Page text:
Social media services Facebook, WhatsApp and Instagram are back up and running after an outage that lasted almost six hours, Facebook says.
The company says the cause was a faulty configuration change.
All three services are owned by Facebook and could not be accessed over the web or on smartphone apps.
Down detector, which tracks outages, said it was the largest failure it had ever seen, with 10.6 million problem reports around the world.
The services went down at about 16:00 GMT with users beginning to gain access to the sites at around 22:00.
In a statement on Tuesday, Facebook said that the faulty configuration change affected the company’s internal tools and systems which complicated attempts to resolve the problem.
It added that there was “no evidence that user data was compromised as a result of this downtime”.
Earlier, Facebook founder Mark Zuckerberg apologised to those affected by the outage.
Facebook, Instagram, WhatsApp and Messenger are coming back online now. Sorry for the disruption today — I know how much you rely on our services to stay connected with the people you care about.
Posted by Mark Zuckerberg onMonday, October 4, 2021
Some people also reported problems using Facebook’s virtual reality headset platform, Oculus, and apps which require Facebook logins were affected, including Pokémon Go.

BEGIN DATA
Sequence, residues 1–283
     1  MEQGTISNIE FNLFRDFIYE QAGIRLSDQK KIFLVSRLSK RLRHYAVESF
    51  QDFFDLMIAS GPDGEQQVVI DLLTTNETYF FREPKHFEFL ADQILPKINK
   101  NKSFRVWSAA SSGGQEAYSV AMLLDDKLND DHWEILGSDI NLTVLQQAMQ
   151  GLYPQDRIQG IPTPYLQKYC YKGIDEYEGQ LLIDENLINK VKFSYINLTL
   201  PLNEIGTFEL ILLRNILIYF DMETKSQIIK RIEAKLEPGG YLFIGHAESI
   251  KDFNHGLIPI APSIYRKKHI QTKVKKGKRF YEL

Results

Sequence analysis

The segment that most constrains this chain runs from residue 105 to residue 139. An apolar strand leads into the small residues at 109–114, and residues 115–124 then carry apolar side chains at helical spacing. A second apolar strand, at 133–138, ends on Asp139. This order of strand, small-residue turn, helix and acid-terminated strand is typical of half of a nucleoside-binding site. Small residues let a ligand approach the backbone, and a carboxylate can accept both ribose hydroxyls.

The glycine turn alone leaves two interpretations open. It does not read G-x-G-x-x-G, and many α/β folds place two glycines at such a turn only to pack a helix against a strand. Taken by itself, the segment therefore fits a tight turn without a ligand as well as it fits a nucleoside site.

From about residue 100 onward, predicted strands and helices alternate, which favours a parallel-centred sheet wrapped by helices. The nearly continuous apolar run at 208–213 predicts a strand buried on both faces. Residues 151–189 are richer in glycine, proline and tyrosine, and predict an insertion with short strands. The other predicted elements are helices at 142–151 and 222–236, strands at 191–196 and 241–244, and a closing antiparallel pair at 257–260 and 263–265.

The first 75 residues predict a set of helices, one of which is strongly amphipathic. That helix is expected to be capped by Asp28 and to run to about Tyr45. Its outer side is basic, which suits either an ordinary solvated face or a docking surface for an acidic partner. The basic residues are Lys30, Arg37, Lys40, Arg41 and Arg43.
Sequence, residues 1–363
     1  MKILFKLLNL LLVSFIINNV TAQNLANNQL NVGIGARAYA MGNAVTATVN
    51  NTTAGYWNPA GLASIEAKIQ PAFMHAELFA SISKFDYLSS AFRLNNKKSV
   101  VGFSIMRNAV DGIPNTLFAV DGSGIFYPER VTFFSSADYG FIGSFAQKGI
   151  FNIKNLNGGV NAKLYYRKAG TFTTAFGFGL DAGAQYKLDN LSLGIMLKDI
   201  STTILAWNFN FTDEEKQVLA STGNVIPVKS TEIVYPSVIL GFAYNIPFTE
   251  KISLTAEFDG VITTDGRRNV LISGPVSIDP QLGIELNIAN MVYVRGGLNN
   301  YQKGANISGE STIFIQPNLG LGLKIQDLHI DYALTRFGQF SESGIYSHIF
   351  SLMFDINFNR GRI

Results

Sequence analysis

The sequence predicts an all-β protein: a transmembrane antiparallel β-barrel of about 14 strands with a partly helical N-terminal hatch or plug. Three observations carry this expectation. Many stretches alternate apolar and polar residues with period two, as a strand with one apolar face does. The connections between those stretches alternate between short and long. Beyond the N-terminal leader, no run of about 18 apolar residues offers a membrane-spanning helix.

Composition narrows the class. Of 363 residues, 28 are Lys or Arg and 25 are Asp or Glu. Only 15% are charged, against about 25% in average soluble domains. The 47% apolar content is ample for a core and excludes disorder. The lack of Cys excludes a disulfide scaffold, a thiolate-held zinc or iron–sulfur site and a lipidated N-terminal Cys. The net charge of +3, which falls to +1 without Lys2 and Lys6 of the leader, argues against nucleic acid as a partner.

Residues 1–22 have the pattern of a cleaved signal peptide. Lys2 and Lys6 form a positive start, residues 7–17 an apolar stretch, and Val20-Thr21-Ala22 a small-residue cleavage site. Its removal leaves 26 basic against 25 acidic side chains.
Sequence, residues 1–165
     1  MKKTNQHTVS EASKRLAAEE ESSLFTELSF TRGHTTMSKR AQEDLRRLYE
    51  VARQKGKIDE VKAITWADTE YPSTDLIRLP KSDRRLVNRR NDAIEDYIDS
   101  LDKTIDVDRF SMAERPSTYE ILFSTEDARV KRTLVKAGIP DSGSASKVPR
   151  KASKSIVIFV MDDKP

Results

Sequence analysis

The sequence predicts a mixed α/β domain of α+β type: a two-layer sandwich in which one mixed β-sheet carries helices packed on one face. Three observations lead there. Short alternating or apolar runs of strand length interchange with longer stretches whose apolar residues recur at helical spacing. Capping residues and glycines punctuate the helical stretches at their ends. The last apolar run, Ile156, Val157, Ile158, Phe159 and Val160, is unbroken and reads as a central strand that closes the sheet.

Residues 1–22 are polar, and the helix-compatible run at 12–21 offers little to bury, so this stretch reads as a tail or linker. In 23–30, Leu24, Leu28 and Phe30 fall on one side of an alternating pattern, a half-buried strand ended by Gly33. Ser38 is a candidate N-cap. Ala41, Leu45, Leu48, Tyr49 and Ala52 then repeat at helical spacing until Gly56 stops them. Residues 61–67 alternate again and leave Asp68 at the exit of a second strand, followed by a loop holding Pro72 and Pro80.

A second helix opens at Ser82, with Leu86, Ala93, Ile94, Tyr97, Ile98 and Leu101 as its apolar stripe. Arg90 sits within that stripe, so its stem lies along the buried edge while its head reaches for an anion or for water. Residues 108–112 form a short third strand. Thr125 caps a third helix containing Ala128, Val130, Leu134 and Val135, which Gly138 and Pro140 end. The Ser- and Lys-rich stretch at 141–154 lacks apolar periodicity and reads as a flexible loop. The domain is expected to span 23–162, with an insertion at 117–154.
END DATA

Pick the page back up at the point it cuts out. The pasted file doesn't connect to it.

An outage of this scale for such a long time is rare. A disruption in 2019 left Facebook and its other apps mostly inaccessible across the world for more than 14 hours.
Several other tech companies, including Reddit and Twitter, poked fun at the social media giant’s predicament – prompting responses from the affected apps.
The disruption comes the day after an interview with a former Facebook employee who leaked documents about the company.
Frances Haugen told CBS news on Sunday that the company had prioritised “growth over safety”.
On Tuesday she will testify before a Senate subcommittee in a hearing titled “Protecting Kids Online”, about the company’s research into Instagram’s effect on the mental health of young users.
Many outages get resolved fairly quickly. They are often localised too, with some people unable to open a website that can be viewed in another country.
This outage, however, was global, and affected all of Facebook’s many spin-offs.
The length of time it was off grid is also unusual. There were reports of “mayhem” in Facebook headquarters, as technicians scrambled to fix the problem.
Interesting too that the outage hampered Facebook’s ability to tackle the crash – bringing down internal tools needed to remedy the problem.
It should also be said that Facebook’s statement is carefully written. It doesn’t rule out foul play.
The week had already started off badly – after the whistleblower in the “Facebook Files” revelations revealed herself on Sunday.
But a bad week has become a terrible one for the social network.